Making immutable instances

Alex Martelli aleax at mail.comcast.net
Thu Nov 24 18:23:11 CET 2005


Ben Finney <bignose+hates-spam at benfinney.id.au> wrote:
   ...
> > A type implemented in C offers different possibilities than one
> > implemented in Python -- no deep conceptual reason, just practical
> > ones.
> 
> So, in the hypothetical situation that all Python types were
> implemented in pure Python, what would the ideal behaviour for
> immutables be? Or would there be no immutables?

Pypy is implementing Python in Python and using just the same semantics
as CPython.  Of course, there IS some sleight of hand, because there are
still two "sides" -- interpreter level and application level... stuff
implemented in interpreter level Python plays just the same role as
stuff implemented in C does in CPython.

Musing theoretically, I can see an *ideal* approach would have to meet
higher aesthetic goals than Python's -- reach for richer symmetry, e.g.,
all types existing in mutable and immutable flavors (Ruby comes sort of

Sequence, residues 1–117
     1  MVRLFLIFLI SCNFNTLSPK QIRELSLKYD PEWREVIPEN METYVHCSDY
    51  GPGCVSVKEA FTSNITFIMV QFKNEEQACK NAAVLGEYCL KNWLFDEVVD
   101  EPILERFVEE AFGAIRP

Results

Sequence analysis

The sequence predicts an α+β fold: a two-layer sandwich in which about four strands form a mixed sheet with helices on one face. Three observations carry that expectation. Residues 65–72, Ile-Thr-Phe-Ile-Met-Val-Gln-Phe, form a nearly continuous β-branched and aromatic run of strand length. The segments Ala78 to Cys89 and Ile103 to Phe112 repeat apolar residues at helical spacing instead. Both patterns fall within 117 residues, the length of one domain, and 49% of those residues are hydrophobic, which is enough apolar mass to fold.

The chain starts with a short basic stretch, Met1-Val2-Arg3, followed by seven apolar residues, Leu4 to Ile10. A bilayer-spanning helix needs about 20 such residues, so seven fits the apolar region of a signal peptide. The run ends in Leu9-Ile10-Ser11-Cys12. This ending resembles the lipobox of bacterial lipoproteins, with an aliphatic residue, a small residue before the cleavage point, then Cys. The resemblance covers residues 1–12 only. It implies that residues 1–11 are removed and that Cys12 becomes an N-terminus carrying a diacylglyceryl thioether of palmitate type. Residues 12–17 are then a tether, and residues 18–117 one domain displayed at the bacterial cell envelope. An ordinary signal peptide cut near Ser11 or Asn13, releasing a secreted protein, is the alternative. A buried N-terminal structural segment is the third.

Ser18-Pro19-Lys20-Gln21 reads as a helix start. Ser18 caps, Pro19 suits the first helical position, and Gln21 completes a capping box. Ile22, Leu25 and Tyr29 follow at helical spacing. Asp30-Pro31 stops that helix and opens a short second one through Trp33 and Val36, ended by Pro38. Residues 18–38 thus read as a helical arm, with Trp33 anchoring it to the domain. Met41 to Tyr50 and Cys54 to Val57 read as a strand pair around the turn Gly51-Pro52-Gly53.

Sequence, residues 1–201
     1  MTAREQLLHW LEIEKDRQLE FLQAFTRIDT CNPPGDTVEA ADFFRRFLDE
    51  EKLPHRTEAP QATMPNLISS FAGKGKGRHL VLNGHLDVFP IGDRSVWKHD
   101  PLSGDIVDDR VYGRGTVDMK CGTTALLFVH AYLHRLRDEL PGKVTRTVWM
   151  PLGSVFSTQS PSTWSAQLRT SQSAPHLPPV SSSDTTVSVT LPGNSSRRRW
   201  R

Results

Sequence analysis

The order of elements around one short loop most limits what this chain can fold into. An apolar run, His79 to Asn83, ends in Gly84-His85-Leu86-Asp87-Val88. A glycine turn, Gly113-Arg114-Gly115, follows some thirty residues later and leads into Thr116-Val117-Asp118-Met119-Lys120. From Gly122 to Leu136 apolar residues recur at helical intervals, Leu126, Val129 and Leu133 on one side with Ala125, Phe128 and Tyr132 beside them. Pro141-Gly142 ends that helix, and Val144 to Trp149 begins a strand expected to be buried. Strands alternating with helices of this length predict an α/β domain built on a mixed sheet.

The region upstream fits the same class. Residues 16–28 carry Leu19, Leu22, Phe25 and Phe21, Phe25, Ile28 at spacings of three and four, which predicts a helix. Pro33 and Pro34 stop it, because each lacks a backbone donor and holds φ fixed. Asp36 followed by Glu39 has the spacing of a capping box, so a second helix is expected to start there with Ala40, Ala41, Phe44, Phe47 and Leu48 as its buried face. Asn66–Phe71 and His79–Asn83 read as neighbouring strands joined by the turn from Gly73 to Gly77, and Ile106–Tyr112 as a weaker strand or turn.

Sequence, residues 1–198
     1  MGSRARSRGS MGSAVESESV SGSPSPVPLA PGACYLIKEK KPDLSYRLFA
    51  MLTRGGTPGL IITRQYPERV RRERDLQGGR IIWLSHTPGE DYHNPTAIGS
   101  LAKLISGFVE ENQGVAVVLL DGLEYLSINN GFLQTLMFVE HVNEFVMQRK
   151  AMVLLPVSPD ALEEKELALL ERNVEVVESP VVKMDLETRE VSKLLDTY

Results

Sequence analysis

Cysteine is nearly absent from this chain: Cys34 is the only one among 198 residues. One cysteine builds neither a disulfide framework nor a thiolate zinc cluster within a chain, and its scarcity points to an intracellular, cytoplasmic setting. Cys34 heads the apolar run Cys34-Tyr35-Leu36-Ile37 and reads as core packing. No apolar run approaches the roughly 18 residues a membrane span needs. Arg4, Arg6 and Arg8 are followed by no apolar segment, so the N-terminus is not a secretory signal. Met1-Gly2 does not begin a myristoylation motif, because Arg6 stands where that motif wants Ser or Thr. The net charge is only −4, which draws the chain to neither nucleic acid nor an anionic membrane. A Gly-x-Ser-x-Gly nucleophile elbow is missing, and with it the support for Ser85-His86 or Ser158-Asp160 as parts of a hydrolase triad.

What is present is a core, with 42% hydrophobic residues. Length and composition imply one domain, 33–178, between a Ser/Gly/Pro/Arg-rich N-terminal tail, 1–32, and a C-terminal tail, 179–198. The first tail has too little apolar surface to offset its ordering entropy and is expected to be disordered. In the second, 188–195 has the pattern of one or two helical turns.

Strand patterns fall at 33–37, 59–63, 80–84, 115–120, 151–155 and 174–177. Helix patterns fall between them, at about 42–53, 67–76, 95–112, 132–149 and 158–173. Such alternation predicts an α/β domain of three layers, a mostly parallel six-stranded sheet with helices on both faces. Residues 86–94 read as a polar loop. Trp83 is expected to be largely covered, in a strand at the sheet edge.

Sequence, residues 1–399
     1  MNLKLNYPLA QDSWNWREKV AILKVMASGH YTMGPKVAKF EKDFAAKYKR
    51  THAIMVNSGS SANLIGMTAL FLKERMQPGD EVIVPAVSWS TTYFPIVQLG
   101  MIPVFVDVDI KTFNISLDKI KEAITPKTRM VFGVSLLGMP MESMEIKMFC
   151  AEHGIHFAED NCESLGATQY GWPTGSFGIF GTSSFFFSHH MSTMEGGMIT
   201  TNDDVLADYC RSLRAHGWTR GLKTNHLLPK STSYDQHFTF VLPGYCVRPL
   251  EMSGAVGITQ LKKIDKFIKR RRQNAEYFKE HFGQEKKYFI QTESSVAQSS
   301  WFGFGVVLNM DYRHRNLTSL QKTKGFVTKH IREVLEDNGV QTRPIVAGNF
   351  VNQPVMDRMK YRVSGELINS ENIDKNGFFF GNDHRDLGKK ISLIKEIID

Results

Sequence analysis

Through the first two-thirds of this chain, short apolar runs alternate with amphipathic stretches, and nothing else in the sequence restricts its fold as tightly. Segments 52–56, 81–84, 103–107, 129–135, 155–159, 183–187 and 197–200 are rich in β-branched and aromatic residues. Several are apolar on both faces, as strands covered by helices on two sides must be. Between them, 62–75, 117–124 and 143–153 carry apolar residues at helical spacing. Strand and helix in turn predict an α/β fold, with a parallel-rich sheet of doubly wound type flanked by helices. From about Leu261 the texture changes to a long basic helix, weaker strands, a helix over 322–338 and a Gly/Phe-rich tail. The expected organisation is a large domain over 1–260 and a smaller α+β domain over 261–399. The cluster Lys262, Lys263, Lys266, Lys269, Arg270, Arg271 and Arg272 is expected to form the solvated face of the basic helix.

close, with plain and frozen objects).  Python's more about pragmaticity
than purity (and, therefore, than idealness)...


> I'm looking for a "consenting adults" restriction: classes will have
> immutable instances only where it makes sense from the class protocol.
> I'm not going to lose sleep over users who go looking for trouble.

Yep, I understand this, now that you've explained in more detail, and
FWIW I do approve.

One more piece of advice: you might document that, in circumstances
where (using a normal Python class's instances) the obvious approach
would be to add some per-instance attribute to the instances (with
semantics totally outside the class), your users might be better advised
to employ a weakref.WeakKeyDictionary with the instances as keys.
Although a tad more cumbersome, they can get the same semantics this
way, even though it may seem "inside-out" wrt the "intuitive" approach.


Alex



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